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Three Twelves Farm–Eco-conscious renovation revives glorious Historic House

Several years ago Daniel Frisch spent the morning looking at properties without much success. He was going to be late for his golf game, but there was one more property and since it was near the club he really wanted to have a look.

“The property had been for sale forever,” says Frisch. “It was one of two large parcels owned by the Kallstroms that straddled Kent Hollow Road. I walked 100 yards out and knew this was what we had been looking for.” The Kallstrom family were one of several families that had been in Kent Hollow for many years and owned extraordinary runs of property, some of which had been incorporated into the Kent Land Trust. The 50-plus acres of land had been referred to by the Kallstroms as Tompkins West, which they had purchased from the Tompkins family in 1917.

In the middle of the west parcel of the original farm was a farmhouse and yard and a garage with parking carved out of the east parcel across Kent Hollow Road. On December 12, 2012 (hence the name of the property), the Frisches and the Kent Land Trust executed a conservation easement comprised of 22 acres including wetlands, forest, and a portion of a stream feeding the west Aspetuck River. The Frisches then purchased the house and garage parcels as well.

“The property, needless to say, was in dire need of restoration,” says Frisch, “and the Kallstrom brothers worked with us to initiate the work that had to be done.”

Frisch had decided two things before he even bought the property: that everything would be done locally and that he would incorporate as many energy-efficient features as he could into the renovations. Frisch, an award-winning architect with his own firm, has made the latter one of his primary goals in his designs. “The project was indeed challenging—much more so than I had realized,” he says. The land was in need of restoration, the barn with its gaping holes, seemed almost impossible to save. But those issues seemed minor when compared to the condition of the house and garage.

“The main house dates back to 1760, making it one of the oldest houses in the area,” Frisch explains, “but it was encrusted in 20th century additions that had altered the structure signi cantly, beginning with the vinyl siding.” Frisch persevered and when the additions were removed the original post and beam structure was revealed and the restoration process began.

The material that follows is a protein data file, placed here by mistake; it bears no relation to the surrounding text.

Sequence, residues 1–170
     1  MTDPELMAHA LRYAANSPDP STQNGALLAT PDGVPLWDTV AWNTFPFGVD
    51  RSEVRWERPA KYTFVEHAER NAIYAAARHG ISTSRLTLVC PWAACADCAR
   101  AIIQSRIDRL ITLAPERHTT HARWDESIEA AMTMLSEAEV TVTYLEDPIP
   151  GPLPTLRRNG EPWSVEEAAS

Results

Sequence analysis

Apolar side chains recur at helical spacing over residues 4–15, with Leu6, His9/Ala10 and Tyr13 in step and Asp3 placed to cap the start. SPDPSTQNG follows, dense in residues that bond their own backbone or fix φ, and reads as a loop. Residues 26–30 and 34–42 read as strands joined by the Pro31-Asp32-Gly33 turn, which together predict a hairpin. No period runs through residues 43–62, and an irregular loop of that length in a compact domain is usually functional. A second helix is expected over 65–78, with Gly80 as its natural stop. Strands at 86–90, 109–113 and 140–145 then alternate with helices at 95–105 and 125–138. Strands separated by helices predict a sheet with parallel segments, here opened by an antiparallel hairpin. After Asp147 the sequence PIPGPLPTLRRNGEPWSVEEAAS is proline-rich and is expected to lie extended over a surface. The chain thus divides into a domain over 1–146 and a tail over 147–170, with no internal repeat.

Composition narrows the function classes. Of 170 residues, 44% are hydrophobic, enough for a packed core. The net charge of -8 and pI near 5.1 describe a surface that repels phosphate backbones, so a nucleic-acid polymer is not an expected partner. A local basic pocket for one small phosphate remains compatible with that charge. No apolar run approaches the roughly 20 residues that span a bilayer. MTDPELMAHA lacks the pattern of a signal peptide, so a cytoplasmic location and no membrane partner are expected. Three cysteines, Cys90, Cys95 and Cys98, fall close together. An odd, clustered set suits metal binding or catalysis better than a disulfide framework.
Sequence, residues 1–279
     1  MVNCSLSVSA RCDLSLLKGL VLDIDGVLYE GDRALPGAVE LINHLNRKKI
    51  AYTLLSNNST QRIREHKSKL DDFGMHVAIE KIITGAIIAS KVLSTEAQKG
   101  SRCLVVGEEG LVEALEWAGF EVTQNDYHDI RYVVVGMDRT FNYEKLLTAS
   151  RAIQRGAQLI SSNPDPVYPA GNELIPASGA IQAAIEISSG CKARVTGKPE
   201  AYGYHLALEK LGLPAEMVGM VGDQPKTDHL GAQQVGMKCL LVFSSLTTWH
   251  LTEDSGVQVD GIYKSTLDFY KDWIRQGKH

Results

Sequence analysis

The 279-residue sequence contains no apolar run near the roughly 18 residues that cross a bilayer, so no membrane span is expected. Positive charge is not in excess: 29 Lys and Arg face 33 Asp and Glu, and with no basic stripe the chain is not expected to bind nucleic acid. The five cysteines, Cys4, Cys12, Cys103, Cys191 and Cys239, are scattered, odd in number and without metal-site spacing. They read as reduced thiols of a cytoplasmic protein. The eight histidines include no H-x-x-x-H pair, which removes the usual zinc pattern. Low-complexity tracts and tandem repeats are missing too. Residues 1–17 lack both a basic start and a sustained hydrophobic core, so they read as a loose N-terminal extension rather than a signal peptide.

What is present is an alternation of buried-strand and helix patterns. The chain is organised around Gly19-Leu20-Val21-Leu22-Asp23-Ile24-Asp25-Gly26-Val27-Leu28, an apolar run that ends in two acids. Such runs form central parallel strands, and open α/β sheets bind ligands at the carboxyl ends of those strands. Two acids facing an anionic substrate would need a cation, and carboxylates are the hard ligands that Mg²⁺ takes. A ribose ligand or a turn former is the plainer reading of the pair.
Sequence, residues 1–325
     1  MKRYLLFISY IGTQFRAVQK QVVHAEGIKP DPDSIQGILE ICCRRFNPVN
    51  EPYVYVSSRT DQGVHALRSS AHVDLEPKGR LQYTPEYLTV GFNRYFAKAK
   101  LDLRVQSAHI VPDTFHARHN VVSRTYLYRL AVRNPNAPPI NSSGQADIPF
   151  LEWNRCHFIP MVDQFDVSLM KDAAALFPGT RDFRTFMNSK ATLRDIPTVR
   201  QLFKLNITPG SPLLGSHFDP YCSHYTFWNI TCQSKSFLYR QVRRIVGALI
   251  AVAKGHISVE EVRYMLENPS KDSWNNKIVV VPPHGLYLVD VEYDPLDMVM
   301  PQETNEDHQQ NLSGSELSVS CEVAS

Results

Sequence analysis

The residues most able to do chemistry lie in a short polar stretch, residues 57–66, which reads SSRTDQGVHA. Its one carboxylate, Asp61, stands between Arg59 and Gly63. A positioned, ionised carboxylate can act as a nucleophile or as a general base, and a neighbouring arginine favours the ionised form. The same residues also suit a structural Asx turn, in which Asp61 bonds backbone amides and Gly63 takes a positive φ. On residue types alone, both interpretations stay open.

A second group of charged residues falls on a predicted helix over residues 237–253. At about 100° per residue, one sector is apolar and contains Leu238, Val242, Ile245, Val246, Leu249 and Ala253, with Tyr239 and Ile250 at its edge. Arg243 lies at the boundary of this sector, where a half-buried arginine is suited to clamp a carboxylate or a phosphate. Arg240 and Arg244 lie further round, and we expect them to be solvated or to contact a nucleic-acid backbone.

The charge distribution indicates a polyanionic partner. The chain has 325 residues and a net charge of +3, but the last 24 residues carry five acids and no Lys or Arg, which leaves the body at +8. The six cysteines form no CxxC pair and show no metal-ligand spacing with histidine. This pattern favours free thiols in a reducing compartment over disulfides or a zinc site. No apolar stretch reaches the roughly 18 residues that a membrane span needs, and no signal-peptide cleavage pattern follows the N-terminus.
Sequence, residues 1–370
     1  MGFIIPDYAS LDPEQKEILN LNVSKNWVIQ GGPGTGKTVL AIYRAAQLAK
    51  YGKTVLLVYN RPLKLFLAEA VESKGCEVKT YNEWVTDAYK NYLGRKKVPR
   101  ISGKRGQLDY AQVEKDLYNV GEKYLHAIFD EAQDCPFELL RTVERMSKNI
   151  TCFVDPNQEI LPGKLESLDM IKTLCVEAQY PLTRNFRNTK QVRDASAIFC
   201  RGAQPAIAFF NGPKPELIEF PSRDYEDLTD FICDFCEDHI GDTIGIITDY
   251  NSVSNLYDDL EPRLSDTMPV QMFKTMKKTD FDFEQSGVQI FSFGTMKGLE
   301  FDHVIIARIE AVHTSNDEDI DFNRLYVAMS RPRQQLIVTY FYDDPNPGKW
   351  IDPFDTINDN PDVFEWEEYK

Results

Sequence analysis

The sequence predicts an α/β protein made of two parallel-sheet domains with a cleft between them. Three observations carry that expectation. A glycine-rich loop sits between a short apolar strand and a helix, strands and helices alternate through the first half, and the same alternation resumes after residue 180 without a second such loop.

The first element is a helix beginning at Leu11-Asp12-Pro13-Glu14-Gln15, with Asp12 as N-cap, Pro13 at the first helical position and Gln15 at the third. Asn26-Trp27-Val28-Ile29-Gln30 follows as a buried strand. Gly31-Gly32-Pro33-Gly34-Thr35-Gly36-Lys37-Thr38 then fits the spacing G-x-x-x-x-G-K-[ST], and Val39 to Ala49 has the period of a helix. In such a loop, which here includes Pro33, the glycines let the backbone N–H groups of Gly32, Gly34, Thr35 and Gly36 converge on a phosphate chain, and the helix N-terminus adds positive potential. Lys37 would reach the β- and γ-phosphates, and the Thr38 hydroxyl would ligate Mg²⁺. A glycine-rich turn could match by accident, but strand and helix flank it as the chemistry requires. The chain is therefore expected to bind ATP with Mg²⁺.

“Once we realized the preservation significance, and with my training, I just couldn’t knock it down. I knew I was in it for the long haul.” And a long, but satisfying, haul it was.

The 30-by-40-foot house was given a new concrete foundation and the original 2,000 square feet grew to 5,300 square feet of living space on three levels. Whenever possible Frisch retained as many of the original elements as he could. The existing 12-over-12, double-hung window sashes were used both as windows and sliding doors for the kitchen cabinets.

The original fieldstone replace and beehive oven were preserved and the chimney reconstructed. Oak and chestnut sheathing boards found beneath the plaster were reclaimed and made into countertops for the kitchen, wet bar, and master vanity.

The below-grade room at the northeast corner of the firstfloor was repurposed as a naturally conditioned wine room.

“Among the energy-saving aspects of our home is the gray metal roof. Underneath the metal is tubing, the equivalent of geothermal. On top of the roof, the temperature is 62 degrees; in the summer it gets to be 142 degrees, so our shower water is heated by the roof,” says Frisch.

“Even in the winter we feel the advantage of that feature.”

Speaking of the roof, above the sunroom, laundry, mudroom, and guest room, is a green living roof wrapping around the master bedroom. The sedum and wild flowers provide a becoming foreground to the long view of the hollow. A pair of French doors opens onto a small outside sitting area with two chairs—the perfect place to read.

The Frisches used local artisans and suppliers for the renovations and the construction was managed and overseen by Jared Stein, a general contractor and New Milford native.

“What I am trying to do is set an example and have people learn from it,” Frisch says. “Designing isn’t that hard; programing is hard. It isn’t just about saving energy, it’s about living better and spreading the word.” And Frisch seems to have successfully mastered that art.

 

 

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